Relief fund launched for California wine country

As fires continue to burn across the state of California, a team of wine industry professionals, who helped to raise almost US$100,000 after the 2017 fires, have launched a relief fund to help those affected this year.

According to the latest data from Cal Fire, over 14,000 firefighters are currently battling more than 24 major fires across California. A statement released yesterday (25 August) said that conditions experienced the previous evening had been favourable, but there had still been over 200 lightning strikes across the state.

Since 15 August, there have been over 13,000 strikes in the state and more than 650 wildfires, which have now burned over 1.25 million acres, an area larger than the state of Delaware.

Seven people have died and more than 1,400 structures have been destroyed.

Fires have burned across many wine-growing regions, including parts of Alameda, Contra Costa, Lake, Monterey, Napa, Santa Clara, Solano, Sonoma and Yolo counties. The fires have come at a time when the state’s wine producers are harvesting this year’s crop.

Wine industry professionals Tia Butts, Katie Calhoun, Kimberly Charles, Rebecca Hopkins and Katherine Jarvis have now banded together to launch a fundraising campaign, primarily focused on supporting members of the industry, including farmworkers, that have been caught up in the fires.

The fundraising campaign can be found here. 

The largest fires in the state, the so-called SCU and LNU lightning complexes, are now the second and third-largest wildfires in state history. The SCU complex, which has now overtaken the LNU in size, is burning across Contra Costa, Alameda, Santa Clare and Stanislaus counties, covering an area of 365,772 acres. So far it is just 20% contained.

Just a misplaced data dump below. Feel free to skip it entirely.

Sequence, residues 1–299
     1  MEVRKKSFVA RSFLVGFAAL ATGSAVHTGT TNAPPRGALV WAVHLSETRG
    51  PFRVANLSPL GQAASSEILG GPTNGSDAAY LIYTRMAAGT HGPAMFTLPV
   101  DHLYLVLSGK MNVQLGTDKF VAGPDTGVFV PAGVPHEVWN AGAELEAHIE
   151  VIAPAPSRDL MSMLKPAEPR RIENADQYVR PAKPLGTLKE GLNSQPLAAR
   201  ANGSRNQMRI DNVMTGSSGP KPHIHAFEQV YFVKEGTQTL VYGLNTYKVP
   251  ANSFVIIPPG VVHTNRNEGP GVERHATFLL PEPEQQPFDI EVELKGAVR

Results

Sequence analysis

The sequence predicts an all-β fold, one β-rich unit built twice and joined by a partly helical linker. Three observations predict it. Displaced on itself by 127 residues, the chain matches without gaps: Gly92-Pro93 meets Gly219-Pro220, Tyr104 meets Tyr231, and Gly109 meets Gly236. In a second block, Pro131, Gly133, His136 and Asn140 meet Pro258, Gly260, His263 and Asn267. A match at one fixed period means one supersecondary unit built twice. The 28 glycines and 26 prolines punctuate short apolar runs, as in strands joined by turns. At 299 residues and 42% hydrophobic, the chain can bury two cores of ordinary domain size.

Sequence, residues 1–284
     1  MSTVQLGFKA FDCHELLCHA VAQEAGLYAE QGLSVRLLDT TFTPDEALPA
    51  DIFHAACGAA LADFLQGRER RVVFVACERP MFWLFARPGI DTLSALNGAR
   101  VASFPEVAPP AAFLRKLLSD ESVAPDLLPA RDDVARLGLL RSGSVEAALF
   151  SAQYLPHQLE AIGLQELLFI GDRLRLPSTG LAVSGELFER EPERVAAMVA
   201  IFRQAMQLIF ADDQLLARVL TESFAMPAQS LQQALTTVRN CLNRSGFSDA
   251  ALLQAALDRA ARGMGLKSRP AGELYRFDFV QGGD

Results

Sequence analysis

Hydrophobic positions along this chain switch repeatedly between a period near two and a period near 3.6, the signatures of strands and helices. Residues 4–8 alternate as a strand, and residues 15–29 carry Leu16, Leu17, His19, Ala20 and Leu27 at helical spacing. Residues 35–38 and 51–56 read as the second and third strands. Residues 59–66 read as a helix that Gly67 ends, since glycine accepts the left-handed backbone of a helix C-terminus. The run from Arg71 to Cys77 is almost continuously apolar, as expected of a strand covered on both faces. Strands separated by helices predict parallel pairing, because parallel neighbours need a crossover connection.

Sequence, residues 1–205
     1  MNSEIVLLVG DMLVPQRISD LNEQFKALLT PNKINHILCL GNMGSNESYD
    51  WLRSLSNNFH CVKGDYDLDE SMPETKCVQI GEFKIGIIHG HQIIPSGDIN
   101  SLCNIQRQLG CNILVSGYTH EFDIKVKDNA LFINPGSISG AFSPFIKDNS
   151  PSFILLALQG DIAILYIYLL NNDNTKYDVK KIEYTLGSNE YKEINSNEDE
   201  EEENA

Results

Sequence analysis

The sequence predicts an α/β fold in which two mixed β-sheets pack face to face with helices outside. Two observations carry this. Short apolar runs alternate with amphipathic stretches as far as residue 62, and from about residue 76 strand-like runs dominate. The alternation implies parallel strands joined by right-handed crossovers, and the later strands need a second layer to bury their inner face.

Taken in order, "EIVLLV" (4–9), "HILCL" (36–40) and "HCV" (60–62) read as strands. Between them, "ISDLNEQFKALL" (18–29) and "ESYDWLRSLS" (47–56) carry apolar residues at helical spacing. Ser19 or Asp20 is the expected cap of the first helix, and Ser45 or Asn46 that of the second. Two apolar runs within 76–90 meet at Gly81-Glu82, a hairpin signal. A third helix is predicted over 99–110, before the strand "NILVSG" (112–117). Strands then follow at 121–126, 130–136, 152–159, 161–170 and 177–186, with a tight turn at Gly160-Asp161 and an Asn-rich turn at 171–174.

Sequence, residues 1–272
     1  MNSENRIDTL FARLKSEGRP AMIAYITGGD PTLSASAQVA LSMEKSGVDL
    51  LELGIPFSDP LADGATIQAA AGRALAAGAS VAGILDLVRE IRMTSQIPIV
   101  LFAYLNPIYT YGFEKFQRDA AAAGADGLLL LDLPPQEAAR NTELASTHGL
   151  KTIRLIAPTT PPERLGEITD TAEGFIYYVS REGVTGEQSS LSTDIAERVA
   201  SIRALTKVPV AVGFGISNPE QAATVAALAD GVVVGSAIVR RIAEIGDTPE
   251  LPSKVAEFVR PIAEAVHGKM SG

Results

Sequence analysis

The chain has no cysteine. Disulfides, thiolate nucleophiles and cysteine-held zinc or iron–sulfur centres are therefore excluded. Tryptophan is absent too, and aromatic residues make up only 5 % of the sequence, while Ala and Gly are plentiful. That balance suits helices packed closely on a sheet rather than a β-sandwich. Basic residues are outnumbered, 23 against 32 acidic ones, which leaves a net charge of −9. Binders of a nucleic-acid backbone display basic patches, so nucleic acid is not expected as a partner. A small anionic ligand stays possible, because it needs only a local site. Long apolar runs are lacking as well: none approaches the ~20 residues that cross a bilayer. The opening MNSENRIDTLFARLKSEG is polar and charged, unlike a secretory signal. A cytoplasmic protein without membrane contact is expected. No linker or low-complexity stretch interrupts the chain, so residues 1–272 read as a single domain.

LNU, which is now 27% contained and covers and area of 356,326 acres, includes the Hennessey, Walbridge and Meyers fires, which have struck parts of Napa, Lake, Sonoma, Solano, and Yolo counties.

Further afield the CZU complex, affecting the Santa Cruz mountains, now covers an area of 79,640 acres and is 19% contained.

Those wineries known to have received some damage during the fires include Brown Estate, Somerston Estate and Nichelini Vineyards in Napa and La Borgata Winery and Distillery in Solano.

According to Sonoma West, sparkling wine specialist Korbel Winery in Sonoma ceased production at its winery near Guerneville last week and diverted harvested grapes to its Bakersfield Heck Cellars.

Some wineries have had to cancel outdoor tastings due to poor air quality, and those in the affected areas have had to evacuate, disrupting harvest.

While many, including most producers on the valley floor in Napa, remain unaffected, the extent to which smoke taint may have affected the grapes is unclear.

Noah Dorrance, owner and winemaker of Reeve Wines in Healdsburg, Sonoma, has told the San Francisco Chronicle that there’s a good chance the producer won’t be able to use any grapes this year, due to the smoke. The wine label, which does not own its own vineyards, instead sources grapes from growers and rents out space at a crush facility.

Dorrance told the publication that he had already tasted smoke in samples from this year, adding: “I had never considered that smoke could affect everything we make.”

Much depends on the weather in the forthcoming days and weeks, and how long the smoke lingers over vineyards.

Other aid organisations include the American Red Cross, the World Central Kitchen, the California Fire Foundation, Napa Valley Community Foundation, Sonoma County Vintners Emergency Fund and the Monterey County Community Resilience Program.

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